Ondřej Halama

* 1956  

  • “I replied to him: ‘In that case, I will not make use of my civil privilege, my civil right to vote, and I will not go to vote.’ I didn’t have a clue what my attitude would cause in the army. One simply cannot go there in civilian clothing, they register that he has not showed up, and if that person held some more important position, well, they would go after him and make his life miserable. If that person was let’s say, an ordinary worker, from whom they had nothing to take anyway, well, they did not take anything from him. Well, and then it all broke loose. They started interrogating me about everything and they began asking me about the military service and shooting and everything. And of course, they made me tell them my views, such as that being in the military was very disagreeable to me, and that I could not imagine that I would shoot at somebody or use a weapon against another human being. ‘What would you do then?’ And so I replied: ‘I don’t know, I would shoot in the air, I would not shoot at people.’ Where all this was leading to was that they needed to corner me into a situation when they would be able to get rid of me after I had already resigned to the fact that I would have to go and do the military service. And in the evening before the election day, a car with barred windows, a prison car, arrived to Kutná Hora, and they took me to the detention prison in Prague-Pankrác. It meant that I was discharged from that battalion or whatever it was in Kutná Hora and the battalion in Kutná Hora then had a 100% participation in the election.”

  • “He was really that type of a good fatherly person at that time, and he explained all this to me and he told me: ‘Look, I am able to - if you as if say that you are able to take the oath - then I will get you out of it. You will get some probationary sentence and they will let you go and then they will make you do military service again or something like that.’ I don’t know precisely. At that time, or now as well, I regarded this as a cowardly attitude and I felt that I had to hold firm to my beliefs and I felt like John Huss as if at the moment that he was going to be burnt at the stake he said: ‘You know what, I take it back.’ Because it was immensely unfair that although they had taken me away from Kutná Hora and my first talk with the prosecutor… the prosecutor is the one who accuses you, the state prosecutor, and his first question was: ‘Please, be so kind to tell me why you don’t want to go vote.’ It was clear that it was done in such a way that they would get rid of me because I didn’t want to vote.”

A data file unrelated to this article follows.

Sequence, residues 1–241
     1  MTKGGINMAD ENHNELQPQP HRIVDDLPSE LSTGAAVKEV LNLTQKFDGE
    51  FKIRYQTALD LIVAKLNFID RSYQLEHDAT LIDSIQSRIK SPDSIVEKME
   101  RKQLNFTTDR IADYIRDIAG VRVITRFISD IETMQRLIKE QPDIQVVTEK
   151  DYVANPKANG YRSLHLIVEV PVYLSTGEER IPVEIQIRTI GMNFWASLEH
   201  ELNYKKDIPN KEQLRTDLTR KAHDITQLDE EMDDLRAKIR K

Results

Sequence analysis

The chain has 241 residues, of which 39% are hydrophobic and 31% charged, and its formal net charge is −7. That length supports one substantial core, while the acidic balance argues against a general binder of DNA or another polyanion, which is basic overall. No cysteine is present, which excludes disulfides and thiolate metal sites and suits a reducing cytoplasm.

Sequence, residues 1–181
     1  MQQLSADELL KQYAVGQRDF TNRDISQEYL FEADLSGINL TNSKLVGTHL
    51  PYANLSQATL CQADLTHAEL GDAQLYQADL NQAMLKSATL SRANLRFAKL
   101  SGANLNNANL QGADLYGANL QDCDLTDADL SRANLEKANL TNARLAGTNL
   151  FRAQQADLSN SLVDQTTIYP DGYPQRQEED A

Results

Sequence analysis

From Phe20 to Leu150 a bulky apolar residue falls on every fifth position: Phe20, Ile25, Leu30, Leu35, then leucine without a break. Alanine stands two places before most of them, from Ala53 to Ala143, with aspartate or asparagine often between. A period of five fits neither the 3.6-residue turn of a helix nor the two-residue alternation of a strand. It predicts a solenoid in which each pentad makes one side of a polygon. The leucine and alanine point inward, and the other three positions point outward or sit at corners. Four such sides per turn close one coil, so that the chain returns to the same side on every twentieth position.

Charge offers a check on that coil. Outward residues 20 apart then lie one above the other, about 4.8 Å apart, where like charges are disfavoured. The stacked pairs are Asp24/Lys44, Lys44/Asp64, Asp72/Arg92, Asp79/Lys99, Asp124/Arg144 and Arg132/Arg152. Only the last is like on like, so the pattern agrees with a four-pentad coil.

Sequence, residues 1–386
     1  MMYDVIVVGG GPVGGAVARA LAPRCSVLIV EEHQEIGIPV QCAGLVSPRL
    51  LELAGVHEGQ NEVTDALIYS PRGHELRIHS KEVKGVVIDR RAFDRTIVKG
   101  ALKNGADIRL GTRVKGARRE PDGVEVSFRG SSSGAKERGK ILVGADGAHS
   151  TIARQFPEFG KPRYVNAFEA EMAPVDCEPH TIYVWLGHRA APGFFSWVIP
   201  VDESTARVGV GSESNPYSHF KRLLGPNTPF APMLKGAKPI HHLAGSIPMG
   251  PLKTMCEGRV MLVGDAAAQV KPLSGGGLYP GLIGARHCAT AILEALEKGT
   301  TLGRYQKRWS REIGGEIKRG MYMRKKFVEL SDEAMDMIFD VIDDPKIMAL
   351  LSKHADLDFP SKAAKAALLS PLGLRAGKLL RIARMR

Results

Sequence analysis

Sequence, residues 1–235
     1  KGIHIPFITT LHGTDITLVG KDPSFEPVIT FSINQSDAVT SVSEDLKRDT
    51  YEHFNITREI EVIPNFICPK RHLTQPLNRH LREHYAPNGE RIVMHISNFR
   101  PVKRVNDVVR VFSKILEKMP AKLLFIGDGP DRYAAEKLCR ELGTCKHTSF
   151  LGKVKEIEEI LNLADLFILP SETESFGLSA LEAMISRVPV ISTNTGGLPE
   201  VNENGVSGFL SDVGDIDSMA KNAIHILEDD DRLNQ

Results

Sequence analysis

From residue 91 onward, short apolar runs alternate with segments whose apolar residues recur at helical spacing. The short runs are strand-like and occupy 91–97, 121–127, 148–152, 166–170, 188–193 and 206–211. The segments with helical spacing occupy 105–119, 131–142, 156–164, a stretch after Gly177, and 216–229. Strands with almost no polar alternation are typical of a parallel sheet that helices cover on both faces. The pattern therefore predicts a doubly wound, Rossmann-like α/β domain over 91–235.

• “So I tried to submit my application for study at the faculty of theology. Not that I would primarily want to study it, but the faculty of theology was a school where people said that if somebody applied for study of theology, then that person was lost for the regime anyway, and that person would not become a regime’s supporter anymore. And the faculties of theology were not administered by the ministry of education but they were transferred under the ministry of culture. And in case of a pastor’s son, that ministry of culture could say: ‘His father is lost, and the son is lost, too, so let him go study theology. The churches will perish soon anyway.’ That was the idea they had at that time. And so I passed the entrance examinations, but for I was not admitted for the first time. I don’t know the reason, there were not many applicants, but I was not admitted.”

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    dům pamětníka- Turnov, 11.12.2017

    duration: 41:53
    media recorded in project The Stories of Our Neigbours
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“It was Kafkaesque.”

Ondřej Halama
Ondřej Halama
photo: Archiv - Pamět národa

Ondřej Halama was born on April 8th, 1956, in Prague, but he grew up in Mladá Boleslav. His father was an Evangelical pastor and the family was active in the community centered on the teachings of an evangelical pastor, Alfréd Kocáb. Ondřej wished to study at a pedagogical faculty, but he knew that the authorities would not permit him, so he attempted to be admitted to the theological faculty, but he was not admitted there either. In 1976, he had to do his basic military service. While in the army, as a form of protest he refused to vote in the election, and this resulted in his being taken to a detention prison so that he would not spoil his battalion’s reputation. Otakar Motejl was his defense lawyer while Ondřej was in detention. Ondřej was eventually released on parole. After completing his military service, he worked in the Automobile Company and in the 1980s, he was admitted to the study of theology. He subsequently served as a pastor in the Evangelical Church. After 1989, he was able to finish his studies at a pedagogical faculty as well and now, he teaches at a grammar school in Turnov.